The Washington-Oregon Potato Conference is back and in person.
The conference will be Jan. 25-27 at the Three Rivers Convention Center in Kennewick, Wash.
Last year, the conference was held virtually.
"I think everybody's really hungry to see one another," said Chris Voigt, executive director of the Washington Potato Commission. "One of the critical things about potato conference is not only just the sharing of information about what's going on in the industry and the latest research ... it's about learning from your neighbors."
The conference will follow Washington's COVID-19 requirements. Masking is required when not eating or drinking, and sanitation stations will be on hand. Masks and hand sanitizer will be available.
The conference is typically attended by 2,000 people. Voigt isn't certain whether COVID-19 will affect attendance.
Items on the agenda include:
• "We came off kind of a weird, freakish year with the high heat that we had in June," Voigt said. Several researchers will discuss extreme heat management options.
Gary Roth, executive director of the Oregon Potato Commission, said he expected weather to be top-of-mind for growers.
• A three-year integrated pest management experiment from Washington State University Extension educator Tim Waters and Alan Schreiber, of the Agriculture Development Group in Eltopia, Wash., on maintaining high yields and quality using fewer inputs.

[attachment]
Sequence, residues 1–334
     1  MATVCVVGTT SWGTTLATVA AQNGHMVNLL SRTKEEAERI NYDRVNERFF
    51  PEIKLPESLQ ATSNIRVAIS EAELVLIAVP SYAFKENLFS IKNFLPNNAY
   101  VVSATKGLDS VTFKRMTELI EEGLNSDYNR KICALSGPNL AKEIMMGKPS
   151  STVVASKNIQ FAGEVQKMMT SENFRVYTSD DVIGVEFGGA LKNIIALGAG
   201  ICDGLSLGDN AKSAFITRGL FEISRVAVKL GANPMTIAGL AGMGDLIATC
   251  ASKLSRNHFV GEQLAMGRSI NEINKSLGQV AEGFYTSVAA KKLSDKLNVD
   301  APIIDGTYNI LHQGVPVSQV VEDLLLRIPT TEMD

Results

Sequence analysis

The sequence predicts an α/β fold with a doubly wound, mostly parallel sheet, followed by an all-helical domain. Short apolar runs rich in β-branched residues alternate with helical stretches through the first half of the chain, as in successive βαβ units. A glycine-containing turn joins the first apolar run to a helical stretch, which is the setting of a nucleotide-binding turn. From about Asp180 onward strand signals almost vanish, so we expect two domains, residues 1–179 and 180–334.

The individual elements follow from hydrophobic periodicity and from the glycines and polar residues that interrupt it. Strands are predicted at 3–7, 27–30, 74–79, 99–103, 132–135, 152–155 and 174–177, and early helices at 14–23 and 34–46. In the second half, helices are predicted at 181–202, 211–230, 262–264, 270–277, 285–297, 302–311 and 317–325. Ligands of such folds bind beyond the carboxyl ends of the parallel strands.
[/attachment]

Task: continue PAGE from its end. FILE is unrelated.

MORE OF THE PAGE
"You're going to have scouts in your field a lot more often, but I think growers will be really intrigued," Voigt said. "Scouting costs more money, but I think the research is really starting to show that you actually can reduce your pesticide use."
• Control of the weed nutsedge, which is becoming more of a problem.
"It's kind of like a grass, but a lot more like a spear," Voigt said. "It can actually grow through a potato, and you can actually have quality issues with the tubers that are growing underground, as this nutsedge can literally grow through it."
• Keynote speaker R.J. Harvey, the executive chef at Potatoes USA, the national potato marketing and research group, will offer a cooking demonstration.
• University of Wisconsin entomology professor Russ Groves will discuss potato pest management using RNA interference.
A product is sprayed onto a potato crop and as the insect pest picks up the RNA and dies because it will no longer make a protein it needs to survive, Voigt said as an example.
"This is sort of a whole new class of pesticides, essentially, that actually have no pesticides in them, no chemicals," Voigt said. "It's really kind of a new frontier for pest management in agriculture."
• Washington State Agriculture Director Derek Sandison will talk about opportunities and challenges for the state's agriculture, and water.
• North Dakota State University potato pathologist Gary Secor will discuss potato dry rot and bacterial rots.
"The conference never fails to provide an excellent agenda," Roth said. "I expect as good a representation from Oregon as we have seen in the past, subject to whatever COVID may or may not throw at us."
"Really, it's all about knowledge," Voigt said. "Potato conference really is, first and foremost, about how we can get better, every day, every year. I think that's why our conference is so heavily attended — because people really rely on the information that's shared there, both from the presenters and then from their neighbors."